Father and son testify against each other in Cork assault case

A father and son testified against each other in an assault case at Cork District Court yesterday where allegations and counter-allegations were made as the judge said she was sorry it had come to this.

William Bowles, who is in his 60s, complained that he was assaulted by his son Stephen Bowles, aged 39, of 21 Elderwood Park, Boreenmanna Rd, Cork.

Judge Grainne O’Neill dismissed the case against the son.

“I am sorry it has come to the point where a father and son are on opposite sides of a criminal prosecution,” Judge O’Neill said.

She said that she had to be satisfied beyond reasonable doubt that Stephen Bowles was guilty of assaulting his father and she said she was not satisfied beyond reasonable doubt so she was dismissing the charge against him.

William Bowles testified that he had not been in contact with his son for seven years before the date of the disputed incident on April 24, 2014, at a construction site by a house in McGrath Park, off Church Rd, Blackrock, Cork.

“Seven years ago I had to leave him go from the firm,” he said.

He claimed that on April 24 last year his son pushed his shoulders with his hands and threw a concrete block in his direction which did not make contact.

Donal Daly, defence solicitor, who represented Stephen Bowles, put it to William Bowles: “The second you left him go in 2008 you complained him to the guards for taking a van from the company — the van he alone had been driving when he worked there.”

William Bowles said he had just wanted to get the van back.

“There was a bad feeling because you wanted him to go on the dole while working,” Mr Daly alleged.

William Bowles replied: “Never happened.”

William Bowles said in cross-examination that someone reported him to the Department of Social Welfare three months after the alleged assault and it cost another party in the company €50,000, a matter which he said was under appeal.

“Would you have been delighted to see him?” Mr Daly asked. William Bowles replied in relation to his son: “No, I would do anything to avoid him.”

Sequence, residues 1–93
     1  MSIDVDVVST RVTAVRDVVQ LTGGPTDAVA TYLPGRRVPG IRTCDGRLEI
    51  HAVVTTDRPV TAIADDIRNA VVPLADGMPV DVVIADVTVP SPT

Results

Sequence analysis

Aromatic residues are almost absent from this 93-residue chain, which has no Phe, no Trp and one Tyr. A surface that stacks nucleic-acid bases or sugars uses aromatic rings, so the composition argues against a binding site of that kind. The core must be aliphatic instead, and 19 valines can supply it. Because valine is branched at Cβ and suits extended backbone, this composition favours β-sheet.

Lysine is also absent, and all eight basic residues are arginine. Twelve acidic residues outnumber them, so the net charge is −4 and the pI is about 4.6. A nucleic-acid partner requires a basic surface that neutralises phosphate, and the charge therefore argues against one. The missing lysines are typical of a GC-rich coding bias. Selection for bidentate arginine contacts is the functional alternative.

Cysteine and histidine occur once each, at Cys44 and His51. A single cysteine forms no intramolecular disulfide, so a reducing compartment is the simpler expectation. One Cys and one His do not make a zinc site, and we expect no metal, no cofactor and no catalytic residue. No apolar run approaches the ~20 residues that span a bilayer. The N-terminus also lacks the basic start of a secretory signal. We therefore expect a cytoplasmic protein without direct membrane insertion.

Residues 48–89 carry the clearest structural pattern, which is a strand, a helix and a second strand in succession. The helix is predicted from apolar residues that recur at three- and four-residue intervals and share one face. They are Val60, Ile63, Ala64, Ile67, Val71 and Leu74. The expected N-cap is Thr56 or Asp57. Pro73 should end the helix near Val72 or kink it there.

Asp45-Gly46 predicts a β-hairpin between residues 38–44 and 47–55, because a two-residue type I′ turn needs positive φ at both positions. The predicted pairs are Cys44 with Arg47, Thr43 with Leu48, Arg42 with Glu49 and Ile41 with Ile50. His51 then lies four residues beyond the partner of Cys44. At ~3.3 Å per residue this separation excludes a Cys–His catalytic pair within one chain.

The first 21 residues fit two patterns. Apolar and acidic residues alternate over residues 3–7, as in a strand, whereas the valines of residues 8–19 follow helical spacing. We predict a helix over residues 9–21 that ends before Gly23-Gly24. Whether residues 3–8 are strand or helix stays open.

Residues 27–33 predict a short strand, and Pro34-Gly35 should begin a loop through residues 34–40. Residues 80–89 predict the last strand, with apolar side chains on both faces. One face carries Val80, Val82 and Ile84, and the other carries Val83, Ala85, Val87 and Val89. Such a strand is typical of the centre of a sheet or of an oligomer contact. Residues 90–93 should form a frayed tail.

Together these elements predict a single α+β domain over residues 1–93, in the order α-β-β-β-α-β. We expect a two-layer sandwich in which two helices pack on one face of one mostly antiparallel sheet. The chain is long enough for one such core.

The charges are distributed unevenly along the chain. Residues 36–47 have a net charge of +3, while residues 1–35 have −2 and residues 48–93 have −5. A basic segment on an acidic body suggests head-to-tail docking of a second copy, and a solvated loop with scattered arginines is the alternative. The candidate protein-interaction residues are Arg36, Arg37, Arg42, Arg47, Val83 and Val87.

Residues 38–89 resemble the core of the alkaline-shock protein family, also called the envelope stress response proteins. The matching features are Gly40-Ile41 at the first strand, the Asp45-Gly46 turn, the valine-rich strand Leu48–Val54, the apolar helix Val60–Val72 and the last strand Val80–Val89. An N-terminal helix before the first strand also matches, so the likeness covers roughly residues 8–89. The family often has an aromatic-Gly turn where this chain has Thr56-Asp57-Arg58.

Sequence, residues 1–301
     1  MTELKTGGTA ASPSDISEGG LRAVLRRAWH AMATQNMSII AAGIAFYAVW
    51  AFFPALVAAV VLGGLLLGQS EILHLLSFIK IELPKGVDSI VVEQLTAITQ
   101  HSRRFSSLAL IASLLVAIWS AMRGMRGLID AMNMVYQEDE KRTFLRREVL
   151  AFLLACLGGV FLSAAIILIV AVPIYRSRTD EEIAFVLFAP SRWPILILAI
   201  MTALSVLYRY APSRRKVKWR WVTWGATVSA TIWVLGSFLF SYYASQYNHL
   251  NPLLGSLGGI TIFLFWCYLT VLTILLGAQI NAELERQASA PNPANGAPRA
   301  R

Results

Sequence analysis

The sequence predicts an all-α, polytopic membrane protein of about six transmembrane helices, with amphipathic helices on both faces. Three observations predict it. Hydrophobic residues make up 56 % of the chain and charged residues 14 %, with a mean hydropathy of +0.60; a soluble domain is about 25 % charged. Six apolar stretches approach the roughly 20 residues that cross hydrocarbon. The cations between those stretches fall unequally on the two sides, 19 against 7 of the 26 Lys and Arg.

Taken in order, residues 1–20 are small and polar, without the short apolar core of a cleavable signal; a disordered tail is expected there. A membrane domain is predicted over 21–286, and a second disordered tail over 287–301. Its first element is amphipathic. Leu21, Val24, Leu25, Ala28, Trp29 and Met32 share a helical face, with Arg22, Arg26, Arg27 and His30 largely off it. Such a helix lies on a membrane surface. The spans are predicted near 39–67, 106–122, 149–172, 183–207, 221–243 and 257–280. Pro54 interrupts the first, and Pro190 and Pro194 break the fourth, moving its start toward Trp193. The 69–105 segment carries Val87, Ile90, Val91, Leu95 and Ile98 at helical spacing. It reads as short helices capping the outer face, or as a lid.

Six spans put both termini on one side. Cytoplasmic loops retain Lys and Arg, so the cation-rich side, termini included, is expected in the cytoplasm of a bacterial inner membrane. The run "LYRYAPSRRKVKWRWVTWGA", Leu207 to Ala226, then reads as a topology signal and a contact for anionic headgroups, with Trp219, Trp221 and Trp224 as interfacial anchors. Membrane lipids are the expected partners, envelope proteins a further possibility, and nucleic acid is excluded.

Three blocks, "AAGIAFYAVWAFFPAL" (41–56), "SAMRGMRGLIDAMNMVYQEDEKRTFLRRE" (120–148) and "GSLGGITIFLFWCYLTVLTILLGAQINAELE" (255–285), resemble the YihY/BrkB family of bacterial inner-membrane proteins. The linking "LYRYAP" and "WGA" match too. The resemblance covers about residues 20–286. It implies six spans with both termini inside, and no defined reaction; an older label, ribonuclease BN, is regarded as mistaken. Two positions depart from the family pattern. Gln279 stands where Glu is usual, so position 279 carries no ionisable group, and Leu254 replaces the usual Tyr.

William Bowles denied Mr Daly’s suggestion that it was all much ado about nothing where there was a bit of pushing and shoving by father and son.

Stephen Bowles said he never picked up a block or threw a block and could not have done so because of hand injuries. Inspector Ronan Kennelly put it to him that he had assaulted his father on the day.

Stephen Bowles replied: “I was pushed, I pushed him back. I called him names, he called me names.”

He said of his father: “He is a bully. He couldn’t get me to break the law. If I am guilty of anything I am guilty of standing up for myself. I was loyal to him. He got nothing but loyalty from me.

“I was being bullied to sign on the dole… Getting me to sign on for €200 and work for cash. If I had got caught he would have said ‘it was your choice, Stephen’.”

William Bowles totally denied that accusation when he was cross-examined on the point by Mr Daly in court yesterday.

Stephen Bowles said that he would not sign on the dole when working and that he did report allegations to the Department of Social Welfare.


Lifestyle

Sorting out Posh Cork for ages!Ask Audrey: 'I'll end up looking like a woman from Kanturk'

Cork architect Loïc Dehaye tells Eve Kelliher how he created his dream home from a blank canvas.'It was like this house was waiting for us': Cork architect talks creating his dream home

Keeping to a routine can be difficult for people in quarantine.Life on the inside: 10 ways to start your day right in lockdown

Who needs a gym when you can look in your kitchen cupboards for equipment instead?Don’t have weights for working out? These household objects will do the trick

More From The Irish Examiner